Modern scientific research has become more and more dependent on mathematical, statistical, and computational tools for enabling discovery. The Enabling Scientific Discovery Program promotes the use of these tools to dramatically advance our ability to predict the behavior of a broad range of complex scientific and engineering systems and enhance our ability to explore fundamental scientific processes. This Program focuses on interdisciplinary scientific projects that involve novel computational statistics and the development of simulation methods and software. These efforts will have a foundational impact on scientific discovery throughout U.S. industry, government, and academia.
The development of new methods for simulating and modeling complex phenomenon in science has become the area yielding the greatest current breakthroughs. From the modeling and simulation of material science phenomenon (materials with memory for healthcare applications) to the modeling and simulation of quantum dynamics for use in computation and communication, these fields are dense with difficult problems. The problems are difficult because the underlying sub-fields have progressed so far in such a short period of time: e.g. physicists now want to predict phenomenon on smaller and smaller time and space scales and do so with greater speed and accuracy, chemists now must employ spectroscopy to understand subtle differences in pharmaceutical isomers, a process that requires noise modeling and simulation, extremely difficult quantum phenomenon must be modeled and simulated accurately to predict our next generation of computer processes and the associated computer commerce security issues. This is clearly a basket of difficult problems that are, quite simply, not solved anywhere else. The new ideas being employed by ESD contributing NIST staff members is a combination of novel computational and visualization techniques, numerical and algorithmic developments, and a unique collaboration with field-specific scientists.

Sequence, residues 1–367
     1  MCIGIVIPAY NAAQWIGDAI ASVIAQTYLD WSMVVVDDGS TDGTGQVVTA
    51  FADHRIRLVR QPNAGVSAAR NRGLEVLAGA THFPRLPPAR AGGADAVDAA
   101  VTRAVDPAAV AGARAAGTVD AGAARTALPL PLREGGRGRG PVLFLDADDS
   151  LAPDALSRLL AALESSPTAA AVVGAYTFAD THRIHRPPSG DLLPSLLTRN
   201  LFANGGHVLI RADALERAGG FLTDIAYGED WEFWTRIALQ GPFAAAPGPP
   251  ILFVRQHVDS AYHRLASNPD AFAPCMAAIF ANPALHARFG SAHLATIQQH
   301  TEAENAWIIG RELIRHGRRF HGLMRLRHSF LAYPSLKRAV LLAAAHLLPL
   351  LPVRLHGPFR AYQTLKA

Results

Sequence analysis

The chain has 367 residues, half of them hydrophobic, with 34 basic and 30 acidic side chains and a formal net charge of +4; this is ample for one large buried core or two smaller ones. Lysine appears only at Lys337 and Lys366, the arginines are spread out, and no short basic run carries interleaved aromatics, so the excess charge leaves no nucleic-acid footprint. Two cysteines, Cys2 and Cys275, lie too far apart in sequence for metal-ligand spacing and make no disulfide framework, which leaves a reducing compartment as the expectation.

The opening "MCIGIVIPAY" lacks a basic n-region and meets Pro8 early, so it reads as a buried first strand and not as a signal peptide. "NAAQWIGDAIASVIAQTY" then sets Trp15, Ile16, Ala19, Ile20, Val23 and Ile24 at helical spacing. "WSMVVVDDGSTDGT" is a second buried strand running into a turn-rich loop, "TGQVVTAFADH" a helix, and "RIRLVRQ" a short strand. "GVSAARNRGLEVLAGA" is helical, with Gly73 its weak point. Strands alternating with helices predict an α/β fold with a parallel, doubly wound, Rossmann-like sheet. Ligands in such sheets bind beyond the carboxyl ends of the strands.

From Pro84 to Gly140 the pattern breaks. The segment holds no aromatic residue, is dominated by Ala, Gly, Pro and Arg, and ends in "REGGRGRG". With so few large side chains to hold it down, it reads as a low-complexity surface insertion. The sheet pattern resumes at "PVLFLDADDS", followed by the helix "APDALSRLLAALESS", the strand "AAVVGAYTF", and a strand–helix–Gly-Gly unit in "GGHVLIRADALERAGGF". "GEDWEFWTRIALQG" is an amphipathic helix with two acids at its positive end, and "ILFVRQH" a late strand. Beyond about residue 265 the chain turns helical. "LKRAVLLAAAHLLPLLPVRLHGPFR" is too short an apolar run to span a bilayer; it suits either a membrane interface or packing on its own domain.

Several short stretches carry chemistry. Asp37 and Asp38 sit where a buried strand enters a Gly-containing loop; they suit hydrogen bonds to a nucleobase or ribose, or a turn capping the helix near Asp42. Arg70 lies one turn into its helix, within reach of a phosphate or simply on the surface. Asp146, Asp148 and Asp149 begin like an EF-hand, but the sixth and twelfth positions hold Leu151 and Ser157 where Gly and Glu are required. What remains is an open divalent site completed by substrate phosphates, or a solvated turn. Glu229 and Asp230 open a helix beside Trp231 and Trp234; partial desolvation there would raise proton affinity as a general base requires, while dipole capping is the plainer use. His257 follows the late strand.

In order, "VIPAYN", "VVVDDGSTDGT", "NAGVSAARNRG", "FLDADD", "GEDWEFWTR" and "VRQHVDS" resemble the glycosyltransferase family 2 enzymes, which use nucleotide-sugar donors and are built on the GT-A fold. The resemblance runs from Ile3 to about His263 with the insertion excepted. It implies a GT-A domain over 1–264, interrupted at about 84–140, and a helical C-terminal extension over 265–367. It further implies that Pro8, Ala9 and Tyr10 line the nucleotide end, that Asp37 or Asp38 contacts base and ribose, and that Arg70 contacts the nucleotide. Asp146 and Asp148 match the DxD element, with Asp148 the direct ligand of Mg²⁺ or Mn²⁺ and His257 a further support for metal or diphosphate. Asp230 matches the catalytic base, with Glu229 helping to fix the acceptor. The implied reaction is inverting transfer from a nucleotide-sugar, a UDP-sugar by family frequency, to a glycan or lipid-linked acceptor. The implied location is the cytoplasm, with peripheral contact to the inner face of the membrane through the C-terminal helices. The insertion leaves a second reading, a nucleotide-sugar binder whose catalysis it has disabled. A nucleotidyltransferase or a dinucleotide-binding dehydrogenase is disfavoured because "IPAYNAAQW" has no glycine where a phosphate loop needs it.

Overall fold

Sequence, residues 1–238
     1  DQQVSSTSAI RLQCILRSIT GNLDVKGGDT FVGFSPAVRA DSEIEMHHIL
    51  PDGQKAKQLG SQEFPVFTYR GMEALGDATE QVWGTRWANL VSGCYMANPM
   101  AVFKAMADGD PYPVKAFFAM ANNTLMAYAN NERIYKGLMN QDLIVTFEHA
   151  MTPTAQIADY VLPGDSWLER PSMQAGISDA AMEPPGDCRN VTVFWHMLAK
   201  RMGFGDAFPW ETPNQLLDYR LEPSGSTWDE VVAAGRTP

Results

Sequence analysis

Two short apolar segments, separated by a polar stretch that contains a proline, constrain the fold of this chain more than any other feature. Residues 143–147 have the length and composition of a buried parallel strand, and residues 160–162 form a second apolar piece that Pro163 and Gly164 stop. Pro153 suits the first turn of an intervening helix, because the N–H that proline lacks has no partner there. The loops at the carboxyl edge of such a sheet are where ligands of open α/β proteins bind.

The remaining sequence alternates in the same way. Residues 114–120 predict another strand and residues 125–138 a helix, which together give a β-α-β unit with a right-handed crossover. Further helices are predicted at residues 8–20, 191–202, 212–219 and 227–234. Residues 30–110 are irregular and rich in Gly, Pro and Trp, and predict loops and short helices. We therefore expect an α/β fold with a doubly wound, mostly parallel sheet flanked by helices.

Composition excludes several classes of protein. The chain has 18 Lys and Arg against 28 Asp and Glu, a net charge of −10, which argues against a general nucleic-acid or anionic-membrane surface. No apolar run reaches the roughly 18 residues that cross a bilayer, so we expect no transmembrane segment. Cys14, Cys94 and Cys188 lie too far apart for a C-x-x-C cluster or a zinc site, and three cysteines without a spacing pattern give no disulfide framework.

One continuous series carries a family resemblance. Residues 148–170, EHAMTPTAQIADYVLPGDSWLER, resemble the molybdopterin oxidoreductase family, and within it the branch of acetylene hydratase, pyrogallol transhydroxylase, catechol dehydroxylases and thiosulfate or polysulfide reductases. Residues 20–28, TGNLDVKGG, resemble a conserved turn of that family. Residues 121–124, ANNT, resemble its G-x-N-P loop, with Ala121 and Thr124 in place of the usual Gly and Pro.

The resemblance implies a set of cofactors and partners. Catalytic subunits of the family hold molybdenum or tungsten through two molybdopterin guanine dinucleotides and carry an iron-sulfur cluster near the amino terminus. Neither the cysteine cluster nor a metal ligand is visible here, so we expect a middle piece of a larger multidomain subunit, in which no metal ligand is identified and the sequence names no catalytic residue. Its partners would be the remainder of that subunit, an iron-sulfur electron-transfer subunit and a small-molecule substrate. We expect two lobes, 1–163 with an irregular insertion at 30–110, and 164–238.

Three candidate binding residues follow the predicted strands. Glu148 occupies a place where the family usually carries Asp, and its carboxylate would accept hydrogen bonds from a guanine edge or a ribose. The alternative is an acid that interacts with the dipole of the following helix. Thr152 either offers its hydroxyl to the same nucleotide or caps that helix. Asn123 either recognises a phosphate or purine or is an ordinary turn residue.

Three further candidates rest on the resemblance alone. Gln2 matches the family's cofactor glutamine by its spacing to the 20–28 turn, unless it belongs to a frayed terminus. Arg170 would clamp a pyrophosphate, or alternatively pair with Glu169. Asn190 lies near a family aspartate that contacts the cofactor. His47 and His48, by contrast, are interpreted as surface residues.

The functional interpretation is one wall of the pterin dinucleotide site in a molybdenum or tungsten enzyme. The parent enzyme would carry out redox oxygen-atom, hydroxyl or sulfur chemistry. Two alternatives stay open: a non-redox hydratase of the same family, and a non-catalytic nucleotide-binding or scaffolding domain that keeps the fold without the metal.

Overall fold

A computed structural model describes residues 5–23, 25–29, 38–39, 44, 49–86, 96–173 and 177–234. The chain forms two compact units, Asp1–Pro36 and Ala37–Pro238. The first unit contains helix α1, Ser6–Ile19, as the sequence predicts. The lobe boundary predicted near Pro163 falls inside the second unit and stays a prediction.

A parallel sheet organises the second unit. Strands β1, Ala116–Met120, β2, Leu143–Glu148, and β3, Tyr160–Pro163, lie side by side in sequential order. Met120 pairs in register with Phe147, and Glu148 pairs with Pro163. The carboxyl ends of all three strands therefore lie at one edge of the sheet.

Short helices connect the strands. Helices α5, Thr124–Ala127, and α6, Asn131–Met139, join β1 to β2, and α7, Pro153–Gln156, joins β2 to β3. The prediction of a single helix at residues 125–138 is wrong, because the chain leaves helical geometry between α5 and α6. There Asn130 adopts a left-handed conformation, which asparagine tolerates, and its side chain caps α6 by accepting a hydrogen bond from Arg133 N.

The need for a computational statistics research effort within ITL is a direct consequence of NIST's role as measurement laboratory. Simply put, there is no way to perform measurement science without a two-pronged statistics research effort: the study of novel forms of applications of computational statistics, and the development of novel statistical techniques. Both aspects are necessary for any measurement science to be accomplished. The primary long term goal of the Computational Statistics project of ESD is the construction and maintenance of a portfolio of statistics-enhanced scientific work. Everything from measurement of uncertainty, the study of sensitivity as it pertains to calibration, the use of multi-dimensional scaling and of course probability and distributions (for example maximum likelihood density estimation) must all be application practiced and generally advanced on a regular basis.